THISS is an RIBA chartered, London based architecture and design studio that "develops and uncovers unique and exciting spaces with a strong grounding in context and place."
Its projects and collaborations sit within the realms of architecture and landscape. Using carefully selected materials and low-impact methodologies, the team applies a climate conscious approach and digital crafting tools wherever possible. The studio specialises in nurturing a spirit of possibility, adventure, curiosity, collaboration and resilience - "we find interesting ways to make challenging things happen."
Having been on our radar for some time now, we were keen to catch up with Tamsin and Sash - the duo at the helm of THISS. So without further ado...
Firstly, can you please introduce us to THISS?
"THISS is an RIBA chartered, London based architecture, design and research studio, based in Hackney, East London. The studio is led by Tamsin Hanke and Sash Scott, with a focus on creating work that exists on the edge of uncertainty. We enjoy making things that are imaginative and bold, with strong contextual grounding.
"Our projects are predominantly material driven and increasingly sit within the realms of architecture, landscape and sustainability. We prioritise collaboration in our process, and seek to continually expose ourselves to new methods and ways of thinking with experts and practitioners outside of our field."
How did you each start out in design?
Sash: "For me, it started with my passion for kites. As a teenager I used to spend many hours on Hackney marshes testing and flying kites that I had made. I took it really seriously and started entering and winning competitions with friends in the kite community, winning competitions right up to international level.
"I loved the sport, but I was much more interested in the design and making of kites above all else. Through the sport I was introduced to Carl Robertshaw and Ivan Morison, and together we started to think of kites as improbable flying sculptures, with architectural qualities. It was the challenge of balancing aerodynamics, materiality and form that I found really exciting, not to mention the satisfaction of seeing something you’ve drawn and made take off from the ground and into the sky. It was mesmerising."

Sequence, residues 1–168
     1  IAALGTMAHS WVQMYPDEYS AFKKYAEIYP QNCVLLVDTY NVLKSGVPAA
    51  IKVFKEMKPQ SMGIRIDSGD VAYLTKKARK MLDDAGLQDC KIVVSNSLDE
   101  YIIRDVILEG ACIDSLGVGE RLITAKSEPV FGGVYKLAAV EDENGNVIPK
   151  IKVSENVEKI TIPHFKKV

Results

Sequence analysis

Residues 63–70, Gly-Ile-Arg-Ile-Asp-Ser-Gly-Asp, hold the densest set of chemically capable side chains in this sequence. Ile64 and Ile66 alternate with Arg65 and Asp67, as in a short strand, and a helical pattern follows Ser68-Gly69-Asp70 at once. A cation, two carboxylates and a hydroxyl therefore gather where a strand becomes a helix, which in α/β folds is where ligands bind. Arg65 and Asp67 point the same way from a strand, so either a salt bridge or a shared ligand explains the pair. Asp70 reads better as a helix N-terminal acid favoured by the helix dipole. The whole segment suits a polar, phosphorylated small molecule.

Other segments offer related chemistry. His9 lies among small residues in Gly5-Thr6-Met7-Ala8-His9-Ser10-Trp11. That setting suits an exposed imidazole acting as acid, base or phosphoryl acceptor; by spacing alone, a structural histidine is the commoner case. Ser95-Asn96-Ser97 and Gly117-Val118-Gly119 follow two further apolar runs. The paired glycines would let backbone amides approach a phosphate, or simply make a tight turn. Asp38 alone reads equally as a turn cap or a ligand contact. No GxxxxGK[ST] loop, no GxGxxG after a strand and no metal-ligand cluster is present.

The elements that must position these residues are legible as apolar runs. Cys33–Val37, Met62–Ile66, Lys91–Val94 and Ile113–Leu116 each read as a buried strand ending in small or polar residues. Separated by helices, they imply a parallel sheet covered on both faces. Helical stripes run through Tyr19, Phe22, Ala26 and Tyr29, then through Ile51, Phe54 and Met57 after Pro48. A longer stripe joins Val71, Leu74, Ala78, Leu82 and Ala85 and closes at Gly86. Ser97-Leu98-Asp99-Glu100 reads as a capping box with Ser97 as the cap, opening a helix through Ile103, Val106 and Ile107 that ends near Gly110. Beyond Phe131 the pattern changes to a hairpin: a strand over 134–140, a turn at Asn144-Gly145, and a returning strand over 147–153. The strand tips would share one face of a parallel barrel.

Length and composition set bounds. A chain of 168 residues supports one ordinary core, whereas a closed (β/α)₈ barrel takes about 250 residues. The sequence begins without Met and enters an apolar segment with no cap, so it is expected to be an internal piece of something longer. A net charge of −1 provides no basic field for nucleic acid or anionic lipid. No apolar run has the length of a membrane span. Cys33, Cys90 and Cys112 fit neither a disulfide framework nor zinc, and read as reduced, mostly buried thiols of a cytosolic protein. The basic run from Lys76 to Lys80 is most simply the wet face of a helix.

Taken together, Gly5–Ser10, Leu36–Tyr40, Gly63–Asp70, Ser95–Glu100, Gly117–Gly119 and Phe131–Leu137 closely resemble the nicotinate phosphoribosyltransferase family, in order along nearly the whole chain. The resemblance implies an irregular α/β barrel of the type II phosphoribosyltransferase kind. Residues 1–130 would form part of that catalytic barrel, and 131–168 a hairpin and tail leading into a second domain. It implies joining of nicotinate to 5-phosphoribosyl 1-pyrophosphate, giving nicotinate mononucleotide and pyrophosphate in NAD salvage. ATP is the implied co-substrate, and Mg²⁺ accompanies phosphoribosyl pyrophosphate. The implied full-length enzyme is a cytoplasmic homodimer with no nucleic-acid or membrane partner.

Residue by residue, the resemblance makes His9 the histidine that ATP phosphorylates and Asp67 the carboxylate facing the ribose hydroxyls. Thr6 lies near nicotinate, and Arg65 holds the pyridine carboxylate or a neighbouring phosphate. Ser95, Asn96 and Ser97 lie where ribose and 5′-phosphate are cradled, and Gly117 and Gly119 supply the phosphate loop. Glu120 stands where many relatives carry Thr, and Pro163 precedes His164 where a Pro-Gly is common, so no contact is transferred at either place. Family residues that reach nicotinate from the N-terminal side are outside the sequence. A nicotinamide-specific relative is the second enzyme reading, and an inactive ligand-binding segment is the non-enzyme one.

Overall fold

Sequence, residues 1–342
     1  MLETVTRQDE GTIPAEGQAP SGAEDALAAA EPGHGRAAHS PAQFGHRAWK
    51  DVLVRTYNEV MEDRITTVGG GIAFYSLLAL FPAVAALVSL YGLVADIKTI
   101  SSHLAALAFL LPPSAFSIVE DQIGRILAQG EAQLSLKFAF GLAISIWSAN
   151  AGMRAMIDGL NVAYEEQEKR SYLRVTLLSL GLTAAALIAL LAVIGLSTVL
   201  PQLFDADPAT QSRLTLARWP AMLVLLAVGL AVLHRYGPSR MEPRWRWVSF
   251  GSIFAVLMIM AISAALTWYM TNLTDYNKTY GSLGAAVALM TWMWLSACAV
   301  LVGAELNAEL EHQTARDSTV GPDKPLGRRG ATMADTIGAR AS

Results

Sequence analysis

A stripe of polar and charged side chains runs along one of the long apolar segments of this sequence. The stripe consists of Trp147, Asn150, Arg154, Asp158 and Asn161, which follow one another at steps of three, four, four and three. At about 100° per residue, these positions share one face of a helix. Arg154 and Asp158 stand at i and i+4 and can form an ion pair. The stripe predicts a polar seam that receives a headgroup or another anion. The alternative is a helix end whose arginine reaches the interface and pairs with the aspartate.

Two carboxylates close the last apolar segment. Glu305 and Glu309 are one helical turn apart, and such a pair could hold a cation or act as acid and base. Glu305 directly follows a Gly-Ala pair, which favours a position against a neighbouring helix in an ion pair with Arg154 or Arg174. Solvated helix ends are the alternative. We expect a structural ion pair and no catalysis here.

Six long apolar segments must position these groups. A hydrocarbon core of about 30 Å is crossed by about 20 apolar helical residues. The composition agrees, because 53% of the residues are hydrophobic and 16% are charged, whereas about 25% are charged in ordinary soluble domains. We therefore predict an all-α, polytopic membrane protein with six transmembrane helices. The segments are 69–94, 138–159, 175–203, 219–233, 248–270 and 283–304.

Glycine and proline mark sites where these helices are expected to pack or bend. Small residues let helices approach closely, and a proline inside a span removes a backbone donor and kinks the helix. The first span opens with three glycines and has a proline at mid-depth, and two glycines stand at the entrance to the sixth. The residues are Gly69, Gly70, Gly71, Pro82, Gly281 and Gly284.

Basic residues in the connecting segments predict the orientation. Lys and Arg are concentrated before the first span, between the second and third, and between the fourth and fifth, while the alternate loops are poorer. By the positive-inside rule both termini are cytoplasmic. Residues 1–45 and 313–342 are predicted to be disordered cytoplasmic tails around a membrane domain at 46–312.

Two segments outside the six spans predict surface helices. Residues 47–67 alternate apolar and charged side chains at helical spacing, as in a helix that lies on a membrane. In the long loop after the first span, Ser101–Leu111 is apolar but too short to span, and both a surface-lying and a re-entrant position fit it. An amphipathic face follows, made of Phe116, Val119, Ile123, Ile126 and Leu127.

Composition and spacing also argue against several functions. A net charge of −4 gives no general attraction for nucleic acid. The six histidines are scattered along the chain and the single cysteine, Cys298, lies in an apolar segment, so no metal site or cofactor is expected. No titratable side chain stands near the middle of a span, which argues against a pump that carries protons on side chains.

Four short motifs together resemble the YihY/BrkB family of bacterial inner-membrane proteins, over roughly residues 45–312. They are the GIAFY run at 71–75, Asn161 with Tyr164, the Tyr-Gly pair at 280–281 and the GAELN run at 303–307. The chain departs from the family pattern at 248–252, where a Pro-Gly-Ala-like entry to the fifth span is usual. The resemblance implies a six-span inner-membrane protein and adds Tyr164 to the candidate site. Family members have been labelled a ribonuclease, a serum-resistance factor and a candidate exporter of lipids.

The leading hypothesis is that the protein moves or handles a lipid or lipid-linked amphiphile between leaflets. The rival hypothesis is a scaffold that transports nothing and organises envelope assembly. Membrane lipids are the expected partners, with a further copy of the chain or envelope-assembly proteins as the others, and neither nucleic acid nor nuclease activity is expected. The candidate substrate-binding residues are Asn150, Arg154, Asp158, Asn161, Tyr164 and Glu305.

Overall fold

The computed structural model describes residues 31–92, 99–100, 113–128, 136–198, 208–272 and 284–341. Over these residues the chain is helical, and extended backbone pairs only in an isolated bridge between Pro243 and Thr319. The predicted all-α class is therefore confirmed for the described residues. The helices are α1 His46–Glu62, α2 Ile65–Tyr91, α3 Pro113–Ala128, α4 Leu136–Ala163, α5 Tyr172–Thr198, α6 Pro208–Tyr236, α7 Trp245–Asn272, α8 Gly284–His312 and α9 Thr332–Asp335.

Tamsin: "I originally trained in fine art, but found I felt more comfortable approaching things three-dimensionally rather than as an image. I started to really understand my place in the subject during my Masters when I explored a remote city in the middle of Siberia that had an urban plan drawn up by a utopian idealist from his desk in Germany. It helped me to realise that architecture could exist in these impossible places, and be an integral part of a natural wilderness or extreme environment. I was further inspired when I lived in Iceland for a year, where buildings are nestled into the ground on this tiny island, and the ground moves and erupts while the force of the Atlantic smashes around on the coast."
You do a lot of work in the residential sector. How have you seen it change over the past two-years in light of the pandemic?
"Generally speaking, we have found that clients are looking for more flexibility in their living spaces as a result of spending more time at home. What was once a kitchen or living room now has to function as an office or school, and this brings with it new complexities as the demands on the home are higher. This is driving a move away from open plan living and a return to homes as clusters of rooms, with more compact spaces serving specific functions that you can shut away for privacy.
"We also get the sense that people are looking for a better connection with the outdoors, to make them feel part of something bigger. We are being asked to consider the garden as another room that brings in the seasons and the atmosphere of the weather into the home.
"We’ve found since the start of the pandemic that clients are taking more time to consider the environment and the impact of a changing climate on their homes, as well as the potential impacts they may have in making and modifying buildings. This could be because we are spending more time at home and are seeing first hand the impact of increased general temperatures or heavier rainfall on their homes. We are now designing buildings for predicted future climates, which will be warmer and more unpredictable. The clients we work with are thoughtful and creative people who place a lot of value in their experience at home."
Have you seen more of a blurring between the sectors?
"Yes we have, and on many levels too. I think the pandemic has shifted us as a society to reimagine the silos of our lives, from how we work and interact with others to how and where we live in our homes. This has come about in the studio with more varied briefs from private clients, particularly since the government relaxed the regulations on converting commercial premises into residential last year.
"Where we’ve seen the biggest crossover though has been through our growing collaborative work - since the pandemic we’ve been fortunate enough to work with a really diverse range of practitioners and experts outside of our field to produce new work that challenges the status quo of our cities. In our most recent collaboration we teamed up with international artist Issi Nanabeyin to propose a new monumental practice that uses impermanent and organic materials such as wood, thatch and chalk that will require a level of assembly, maintenance and stewardship through successive generations in order to exist. The project was exhibited in the Architecture Biennale in Seoul last year and was awarded the Crossroads Prize by Dominic Perrault.